Switzerland - Culture overview
The Swiss are known for their long standing humanitarian tradition as Switzerland is the birth place of the Red Cross Movement and hosts the United Nations Human Rights Council. A traditional farmer and herder culture also predominates in many areas and small farms are omnipresent outside the cities. In Switzerland is folk art mostly expressed in music, dance, poetry, wood carving and embroidery. The influence of German, French and Italian culture on their neighboring parts cannot be denied.
The religion - Switzerland has no official state religion, but Christianity is the predominant religion. Immigration has brought Islam and Eastern Orthodoxy. The larger cities (Bern, Zürich and Basel) are predominantly Protestant.
The Switzerland language - Switzerland is multilingual and has four national languages. The people of Switzerland speak many languages: German, French, Italian and Romansh. Majorities of the people, around 64%, speak German or the German influenced Swiss dialect of "Schwyzerdütsch." Around 19% of the Swiss people speak French. Another 8 % of the Swiss population speaks Italian while 1 % speaks Raeto-Romanic or Romansch.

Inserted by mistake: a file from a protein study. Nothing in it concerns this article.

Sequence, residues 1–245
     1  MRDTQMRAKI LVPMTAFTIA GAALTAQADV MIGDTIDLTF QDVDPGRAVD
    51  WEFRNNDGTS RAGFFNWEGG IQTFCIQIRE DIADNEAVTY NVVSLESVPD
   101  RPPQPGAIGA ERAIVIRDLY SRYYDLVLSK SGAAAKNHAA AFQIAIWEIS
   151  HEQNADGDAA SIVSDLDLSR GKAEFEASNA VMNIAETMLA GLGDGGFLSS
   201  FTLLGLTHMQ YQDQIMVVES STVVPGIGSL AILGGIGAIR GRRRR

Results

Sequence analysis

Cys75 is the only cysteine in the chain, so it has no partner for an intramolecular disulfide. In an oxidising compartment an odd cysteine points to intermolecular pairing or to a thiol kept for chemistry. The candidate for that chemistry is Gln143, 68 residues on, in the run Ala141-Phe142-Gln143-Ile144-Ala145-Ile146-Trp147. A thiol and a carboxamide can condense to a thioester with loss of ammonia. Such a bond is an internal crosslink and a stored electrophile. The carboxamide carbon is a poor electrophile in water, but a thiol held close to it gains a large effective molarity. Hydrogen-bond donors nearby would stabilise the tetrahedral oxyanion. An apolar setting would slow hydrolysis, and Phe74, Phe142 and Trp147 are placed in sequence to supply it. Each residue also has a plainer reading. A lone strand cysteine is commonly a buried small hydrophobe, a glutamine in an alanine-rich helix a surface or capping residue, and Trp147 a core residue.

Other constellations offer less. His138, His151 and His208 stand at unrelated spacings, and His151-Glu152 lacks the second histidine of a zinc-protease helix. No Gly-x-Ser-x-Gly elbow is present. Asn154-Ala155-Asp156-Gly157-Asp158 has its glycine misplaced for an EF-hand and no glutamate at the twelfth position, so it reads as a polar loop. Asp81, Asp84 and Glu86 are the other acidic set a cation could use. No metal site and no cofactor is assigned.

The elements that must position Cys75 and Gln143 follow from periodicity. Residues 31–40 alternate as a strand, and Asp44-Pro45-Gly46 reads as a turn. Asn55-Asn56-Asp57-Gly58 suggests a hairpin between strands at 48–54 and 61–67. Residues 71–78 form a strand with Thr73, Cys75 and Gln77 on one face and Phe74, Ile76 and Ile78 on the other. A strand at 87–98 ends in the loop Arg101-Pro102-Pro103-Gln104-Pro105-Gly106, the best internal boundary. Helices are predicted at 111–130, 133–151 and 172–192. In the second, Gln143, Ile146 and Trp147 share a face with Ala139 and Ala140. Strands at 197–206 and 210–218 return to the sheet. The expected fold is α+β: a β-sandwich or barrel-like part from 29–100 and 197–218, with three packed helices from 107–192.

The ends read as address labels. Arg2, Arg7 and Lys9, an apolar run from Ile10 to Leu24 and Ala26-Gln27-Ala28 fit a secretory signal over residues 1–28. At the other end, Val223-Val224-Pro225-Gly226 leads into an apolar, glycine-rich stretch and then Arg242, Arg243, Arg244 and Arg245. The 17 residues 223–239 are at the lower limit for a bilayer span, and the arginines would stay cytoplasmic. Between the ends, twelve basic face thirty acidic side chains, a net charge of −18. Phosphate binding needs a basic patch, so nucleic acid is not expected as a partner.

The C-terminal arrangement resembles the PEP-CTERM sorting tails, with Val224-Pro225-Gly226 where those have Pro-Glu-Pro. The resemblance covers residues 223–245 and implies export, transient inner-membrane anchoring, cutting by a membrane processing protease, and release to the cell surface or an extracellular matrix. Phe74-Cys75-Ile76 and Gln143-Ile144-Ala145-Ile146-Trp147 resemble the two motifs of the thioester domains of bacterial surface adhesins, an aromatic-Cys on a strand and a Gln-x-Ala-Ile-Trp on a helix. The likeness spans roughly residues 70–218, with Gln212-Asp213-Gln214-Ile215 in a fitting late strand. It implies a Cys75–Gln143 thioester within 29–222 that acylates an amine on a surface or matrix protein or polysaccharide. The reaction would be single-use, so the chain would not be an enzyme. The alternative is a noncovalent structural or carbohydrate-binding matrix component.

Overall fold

The Art in Switzerland - In the 16th century Protestantism had a strong influence on visual arts in Switzerland. There was almost no influence from Italian or French Renaissance. Chiefly in modern times did Swiss artists begin to emerge internationally. Paul Klee is sometimes regarded as Switzerland's most original and impressive painter. There are considerable art collections in renowned museums around Switzerland in Zürich, Basel and Geneva.
Switzerland Cuisine - Switzerland was for a long time a country of farmers, so their specialties involve potatoes and cheese, and also some more exquisite foods such as chocolate. Swiss cheeses, in particular Emmental cheese, Gruyère, Vacherin, and Appenzeller, are famous Swiss products. There are a great number of regional dishes in Switzerland.
Music in Switzerland - Switzerland has long had a distinct cultural identity. Religious and folk music dominated the country until the 17th century. The alphorn, a trumpet- like musical instrument made of wood, has become alongside yodeling and the accordion an epitome of traditional Swiss music.